Maybe the plaintiffs in a federal civil rights trial that began recently in Winston-Salem are holding their heavy fire for later. Or perhaps The Associated Press, in a story that was provided on that trial, picked the weakest witness when deciding whose story to highlight.
But so far, we are unimpressed.
Gwendolyn Farrington, who lives in Durham, testified for the plaintiffs — the U.S. Justice Department, state NAACP and others who are challenging voting laws adopted in 2013 by a GOP-dominated General Assembly and then signed by a Republican governor.
Farrington testified that her vote did not count in the November General Election after she cast her ballot in a precinct near her job because, she said, she didn’t have time after work to get to the precinct where she lived. The problem was that the 2013 state law no longer allows provisional ballots to be cast in the wrong district.
But the 2013 law didn’t eliminate the early voting period, which remains at 10 days. Farrington apparently waited until the last minute on the last day of 11 days during which she could vote and then went to the wrong precinct. She doesn’t work as the poster child to betray a GOP conspiracy to keep poor people of color, mostly young and old, from darkening ballots in favor of Democratic candidates.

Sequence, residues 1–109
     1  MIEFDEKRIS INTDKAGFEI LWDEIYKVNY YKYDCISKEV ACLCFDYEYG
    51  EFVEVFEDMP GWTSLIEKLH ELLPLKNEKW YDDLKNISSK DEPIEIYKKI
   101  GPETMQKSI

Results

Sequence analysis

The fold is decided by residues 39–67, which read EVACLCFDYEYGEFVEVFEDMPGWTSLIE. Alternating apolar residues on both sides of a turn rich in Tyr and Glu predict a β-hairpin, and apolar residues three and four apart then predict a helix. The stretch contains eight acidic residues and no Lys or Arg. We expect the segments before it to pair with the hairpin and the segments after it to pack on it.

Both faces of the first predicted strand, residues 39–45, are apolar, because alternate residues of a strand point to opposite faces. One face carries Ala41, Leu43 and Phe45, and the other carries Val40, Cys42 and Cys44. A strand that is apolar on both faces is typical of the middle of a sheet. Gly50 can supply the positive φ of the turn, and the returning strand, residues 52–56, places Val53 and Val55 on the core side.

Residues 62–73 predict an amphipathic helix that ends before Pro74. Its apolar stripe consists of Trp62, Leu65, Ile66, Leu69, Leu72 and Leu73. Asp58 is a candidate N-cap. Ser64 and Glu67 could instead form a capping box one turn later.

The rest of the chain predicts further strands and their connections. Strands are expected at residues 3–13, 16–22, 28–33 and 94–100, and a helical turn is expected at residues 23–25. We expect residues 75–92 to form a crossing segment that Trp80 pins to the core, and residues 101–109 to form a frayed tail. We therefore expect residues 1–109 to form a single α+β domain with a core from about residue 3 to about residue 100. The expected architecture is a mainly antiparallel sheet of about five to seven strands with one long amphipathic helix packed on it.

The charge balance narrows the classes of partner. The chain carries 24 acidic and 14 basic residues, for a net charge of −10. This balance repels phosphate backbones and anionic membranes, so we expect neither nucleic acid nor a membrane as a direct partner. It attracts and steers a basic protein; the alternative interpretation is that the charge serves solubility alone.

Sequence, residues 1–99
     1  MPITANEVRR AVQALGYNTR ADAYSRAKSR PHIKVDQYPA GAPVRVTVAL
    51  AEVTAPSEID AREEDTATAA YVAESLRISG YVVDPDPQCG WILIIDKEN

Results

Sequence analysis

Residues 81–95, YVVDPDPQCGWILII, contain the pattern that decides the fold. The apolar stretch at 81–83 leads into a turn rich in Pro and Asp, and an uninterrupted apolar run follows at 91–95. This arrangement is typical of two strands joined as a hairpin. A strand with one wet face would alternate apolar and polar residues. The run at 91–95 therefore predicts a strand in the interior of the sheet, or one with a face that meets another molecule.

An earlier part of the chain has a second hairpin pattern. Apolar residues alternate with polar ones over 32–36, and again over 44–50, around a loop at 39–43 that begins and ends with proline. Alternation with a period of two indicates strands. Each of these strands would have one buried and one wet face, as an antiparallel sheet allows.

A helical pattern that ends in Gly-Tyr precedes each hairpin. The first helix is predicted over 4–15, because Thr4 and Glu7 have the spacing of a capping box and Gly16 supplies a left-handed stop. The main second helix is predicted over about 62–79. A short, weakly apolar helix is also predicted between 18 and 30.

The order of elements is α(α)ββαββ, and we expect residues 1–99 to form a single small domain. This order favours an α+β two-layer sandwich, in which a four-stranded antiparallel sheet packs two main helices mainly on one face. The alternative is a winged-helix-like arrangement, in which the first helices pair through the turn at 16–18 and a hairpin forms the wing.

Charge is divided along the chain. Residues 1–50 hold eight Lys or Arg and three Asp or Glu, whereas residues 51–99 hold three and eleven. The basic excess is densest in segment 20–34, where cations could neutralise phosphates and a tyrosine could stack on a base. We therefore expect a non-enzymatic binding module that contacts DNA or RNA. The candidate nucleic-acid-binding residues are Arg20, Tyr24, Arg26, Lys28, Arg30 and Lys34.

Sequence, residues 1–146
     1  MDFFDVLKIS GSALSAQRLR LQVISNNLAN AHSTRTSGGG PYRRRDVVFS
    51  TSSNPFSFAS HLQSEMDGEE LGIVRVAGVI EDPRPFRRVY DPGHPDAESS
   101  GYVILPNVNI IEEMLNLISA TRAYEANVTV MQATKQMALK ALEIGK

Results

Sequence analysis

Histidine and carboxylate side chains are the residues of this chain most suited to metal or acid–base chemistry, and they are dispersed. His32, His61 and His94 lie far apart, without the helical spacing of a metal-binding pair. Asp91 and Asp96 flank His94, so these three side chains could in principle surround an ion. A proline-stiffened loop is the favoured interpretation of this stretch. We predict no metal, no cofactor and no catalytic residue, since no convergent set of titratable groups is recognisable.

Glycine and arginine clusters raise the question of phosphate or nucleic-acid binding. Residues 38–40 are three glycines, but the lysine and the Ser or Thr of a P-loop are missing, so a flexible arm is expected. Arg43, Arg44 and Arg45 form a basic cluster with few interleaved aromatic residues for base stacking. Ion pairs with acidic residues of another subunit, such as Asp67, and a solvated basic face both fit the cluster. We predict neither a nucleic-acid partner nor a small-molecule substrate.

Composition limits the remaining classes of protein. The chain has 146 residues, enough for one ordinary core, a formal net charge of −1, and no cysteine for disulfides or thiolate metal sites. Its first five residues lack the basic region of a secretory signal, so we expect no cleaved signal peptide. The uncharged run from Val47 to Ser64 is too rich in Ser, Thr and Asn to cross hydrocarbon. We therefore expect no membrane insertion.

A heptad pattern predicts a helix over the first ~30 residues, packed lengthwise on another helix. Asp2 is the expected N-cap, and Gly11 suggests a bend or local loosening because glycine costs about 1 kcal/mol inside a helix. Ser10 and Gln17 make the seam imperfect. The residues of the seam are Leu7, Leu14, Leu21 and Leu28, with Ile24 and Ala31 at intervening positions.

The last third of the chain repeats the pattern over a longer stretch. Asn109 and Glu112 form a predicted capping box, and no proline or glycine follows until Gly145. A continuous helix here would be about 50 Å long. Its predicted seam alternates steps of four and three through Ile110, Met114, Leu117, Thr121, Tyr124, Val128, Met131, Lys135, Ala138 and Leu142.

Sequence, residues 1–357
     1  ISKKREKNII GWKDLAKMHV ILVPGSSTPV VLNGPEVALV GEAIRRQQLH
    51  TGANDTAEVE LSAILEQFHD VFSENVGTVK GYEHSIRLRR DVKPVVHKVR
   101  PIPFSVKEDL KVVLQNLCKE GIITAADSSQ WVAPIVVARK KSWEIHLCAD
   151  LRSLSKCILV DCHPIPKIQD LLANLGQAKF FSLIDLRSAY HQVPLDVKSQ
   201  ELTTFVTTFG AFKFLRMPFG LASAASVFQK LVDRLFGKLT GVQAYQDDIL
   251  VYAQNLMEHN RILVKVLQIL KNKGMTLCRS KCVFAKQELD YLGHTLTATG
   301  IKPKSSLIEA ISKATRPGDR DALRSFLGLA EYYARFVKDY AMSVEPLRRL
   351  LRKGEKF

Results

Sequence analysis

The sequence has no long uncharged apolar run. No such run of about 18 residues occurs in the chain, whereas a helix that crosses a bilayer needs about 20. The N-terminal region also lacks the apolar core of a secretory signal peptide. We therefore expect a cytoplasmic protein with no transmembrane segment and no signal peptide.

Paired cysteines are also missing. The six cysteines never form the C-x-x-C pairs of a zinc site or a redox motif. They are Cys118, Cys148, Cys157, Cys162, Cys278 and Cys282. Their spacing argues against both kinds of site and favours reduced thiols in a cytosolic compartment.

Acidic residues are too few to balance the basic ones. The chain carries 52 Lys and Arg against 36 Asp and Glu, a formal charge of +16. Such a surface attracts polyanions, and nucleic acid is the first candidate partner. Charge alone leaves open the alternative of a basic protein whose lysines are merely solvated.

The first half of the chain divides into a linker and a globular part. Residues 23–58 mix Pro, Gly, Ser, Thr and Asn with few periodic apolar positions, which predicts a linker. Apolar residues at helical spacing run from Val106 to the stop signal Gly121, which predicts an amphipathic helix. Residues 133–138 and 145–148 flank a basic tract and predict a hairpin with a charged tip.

The plaintiffs in this case, when comparing to Selma the 2013 laws that did make voting a smidgen harder, really push the hyperbole button hard.
This isn’t Selma — and Selma should be offended.
As we have said in this space often, voting now is almost the easiest it’s ever been, only slightly more difficult than it was in 2012, and a whole lot easier than before early voting, which was not available for the first 225 years of this nation’s history. Even the lynchpin of the 2013 voting law, that dreaded voter ID that more than 30 other states have and which would not take effect until 2016, has been de-fanged with recent legislation allowing ID-less voters to cast a provisional ballot.
The federal case will be widely watched because it could cause a tidal wave that will sweep the nation, potentially rolling back voter ID laws that Democrats say are intended to keep minorities from voting and that Republicans say are needed to protect the integrity of elections.
No one with eyes, ears and an 80 IQ or better doubts that elections in Robeson County are routinely threatened by fraud that is coupled with hauling voters. It takes a great deal of naivety to suggest that ours is the only county out of more than 3,000 in the country where elections are vulnerable to hijacking.
One thing Farrington was correct about is when she said: “I was raised that voting was important. You cannot get your voice heard unless you exercise your right to vote.”
Well said, but voting is more than a right — it’s also a duty.
We have a simple suggestion for anyone who believes that GOP-crafted voting laws threaten their ability to vote.
Go out and vote. That will show those Republicans.